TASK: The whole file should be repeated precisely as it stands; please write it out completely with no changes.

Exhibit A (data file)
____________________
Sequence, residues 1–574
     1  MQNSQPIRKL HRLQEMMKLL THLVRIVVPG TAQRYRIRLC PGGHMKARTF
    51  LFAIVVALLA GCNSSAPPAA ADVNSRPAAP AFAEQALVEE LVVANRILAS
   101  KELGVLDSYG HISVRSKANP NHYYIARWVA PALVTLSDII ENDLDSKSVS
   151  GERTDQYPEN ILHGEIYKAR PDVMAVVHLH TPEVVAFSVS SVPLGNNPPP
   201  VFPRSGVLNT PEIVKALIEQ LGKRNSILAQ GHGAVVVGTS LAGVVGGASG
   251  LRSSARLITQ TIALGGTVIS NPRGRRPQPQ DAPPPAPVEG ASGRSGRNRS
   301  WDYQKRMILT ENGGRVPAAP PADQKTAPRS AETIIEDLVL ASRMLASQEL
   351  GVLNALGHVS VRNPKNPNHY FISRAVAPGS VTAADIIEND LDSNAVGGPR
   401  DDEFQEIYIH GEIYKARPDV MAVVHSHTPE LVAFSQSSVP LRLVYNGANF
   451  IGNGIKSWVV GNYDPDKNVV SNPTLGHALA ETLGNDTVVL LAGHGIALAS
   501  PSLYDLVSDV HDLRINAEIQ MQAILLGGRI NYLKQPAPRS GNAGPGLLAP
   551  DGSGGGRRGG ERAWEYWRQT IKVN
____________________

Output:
Sequence, residues 1–574
     1  MQNSQPIRKL HRLQEMMKLL THLVRIVVPG TAQRYRIRLC PGGHMKARTF
    51  LFAIVVALLA GCNSSAPPAA ADVNSRPAAP AFAEQALVEE LVVANRILAS
   101  KELGVLDSYG HISVRSKANP NHYYIARWVA PALVTLSDII ENDLDSKSVS
   151  GERTDQYPEN ILHGEIYKAR PDVMAVVHLH TPEVVAFSVS SVPLGNNPPP
   201  VFPRSGVLNT PEIVKALIEQ LGKRNSILAQ GHGAVVVGTS LAGVVGGASG
   251  LRSSARLITQ TIALGGTVIS NPRGRRPQPQ DAPPPAPVEG ASGRSGRNRS
   301  WDYQKRMILT ENGGRVPAAP PADQKTAPRS AETIIEDLVL ASRMLASQEL
   351  GVLNALGHVS VRNPKNPNHY FISRAVAPGS VTAADIIEND LDSNAVGGPR
   401  DDEFQEIYIH GEIYKARPDV MAVVHSHTPE LVAFSQSSVP LRLVYNGANF
   451  IGNGIKSWVV GNYDPDKNVV SNPTLGHALA ETLGNDTVVL LAGHGIALAS
   501  PSLYDLVSDV HDLRINAEIQ MQAILLGGRI NYLKQPAPRS GNAGPGLLAP
   551  DGSGGGRRGG ERAWEYWRQT IKVN